In light of this month’s Culture Week celebrations, the Virgin Islands should commit to vigorously incorporating heritage preservation and cultural projects into the hurricane recovery process.
After sound recommendations from residents, the territory’s Recovery to Development Plan includes a list of such initiatives that are win-wins for residents and tourists alike.
They include restoring museums and historic sites damaged in last year’s storms; developing a culture policy and strategic plan; building a central library that would house the territory’s archives and other documents; launching new national parks; and passing legislation to protect heritage sites, among others.
These are all great ideas. The trouble is, they are not new. In fact, some of them have been discussed and promised for decades with little, if any, action.
And the new recovery plan doesn’t include timelines for completion, it doesn’t prioritise projects, and it doesn’t explain in detail how the well-meaning initiatives will be funded.
Clearly, more work is needed. The Department of Culture — ideally with the assistance of the VI Studies Institute at H. Lavity Stoutt Community College — should consult with stakeholders and the general public and then propose a specific plan and a timeline for accomplishing such goals as soon as possible. Then the Cabinet and the House of Assembly should agree to allocate as much funding as possible from the recovery loans that we hope will be coming soon.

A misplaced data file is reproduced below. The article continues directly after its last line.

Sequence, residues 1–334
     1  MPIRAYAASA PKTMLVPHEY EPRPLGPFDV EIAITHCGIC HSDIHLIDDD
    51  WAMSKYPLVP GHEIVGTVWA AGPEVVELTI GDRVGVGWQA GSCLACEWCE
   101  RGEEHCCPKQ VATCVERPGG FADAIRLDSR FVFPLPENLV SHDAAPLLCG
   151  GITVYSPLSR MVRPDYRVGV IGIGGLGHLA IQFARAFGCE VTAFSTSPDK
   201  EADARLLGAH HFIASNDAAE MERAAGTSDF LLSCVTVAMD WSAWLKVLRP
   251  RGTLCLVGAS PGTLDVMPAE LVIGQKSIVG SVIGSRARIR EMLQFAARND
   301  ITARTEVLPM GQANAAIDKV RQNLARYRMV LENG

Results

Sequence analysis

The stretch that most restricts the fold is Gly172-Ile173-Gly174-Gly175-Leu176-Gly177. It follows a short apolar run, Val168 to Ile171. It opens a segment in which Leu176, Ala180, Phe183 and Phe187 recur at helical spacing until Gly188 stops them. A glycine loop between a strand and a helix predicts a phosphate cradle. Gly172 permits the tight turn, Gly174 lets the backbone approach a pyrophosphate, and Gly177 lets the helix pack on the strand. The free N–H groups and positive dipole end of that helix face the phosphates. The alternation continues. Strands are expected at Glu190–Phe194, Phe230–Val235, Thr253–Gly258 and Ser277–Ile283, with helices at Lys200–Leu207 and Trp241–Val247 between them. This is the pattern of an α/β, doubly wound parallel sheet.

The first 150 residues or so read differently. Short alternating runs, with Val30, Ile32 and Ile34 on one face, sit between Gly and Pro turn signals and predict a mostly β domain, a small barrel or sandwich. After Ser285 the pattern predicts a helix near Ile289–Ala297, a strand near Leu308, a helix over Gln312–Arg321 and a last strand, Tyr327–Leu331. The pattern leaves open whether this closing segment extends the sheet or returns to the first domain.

Without a carefully conceived strategy for including cultural initiatives in the recovery process, we fear that well-meaning plans will continue to get kicked down the road for the foreseeable future.
To the listed strategy, we would add a major expansion of HLSCC’s VI Studies Institute to a more comprehensive programme that could help educate residents about the territory’s history and culture starting in primary school.
An expanded institute could also spearhead more cultural events, like the writers’ workshop hosted recently by the locally based Moko Magazine. Though that event was fairly small, it could be expanded in the future, and similar workshops could feature visual artists, crafters, storytellers and others whose skills and knowledge are too often greatly undervalued here.
Though there typically is a cost to such cultural initiatives, they should not be considered a drain on the public purse. On the contrary, at a time when visitors are tiring of sun, sand and sea, any cultural project stands to provide an invaluable boost to the tourism sector. Such efforts also attract grants, business sponsorships and other funding that might not otherwise be available.
Talking about the importance of culture during this annual observance is well and good. But to bring about real change, a deep commitment and substantive action are needed over the long term.
Ultimately, we see no reason why the hurricane recovery process shouldn’t herald the start of a cultural renaissance in the Virgin Islands.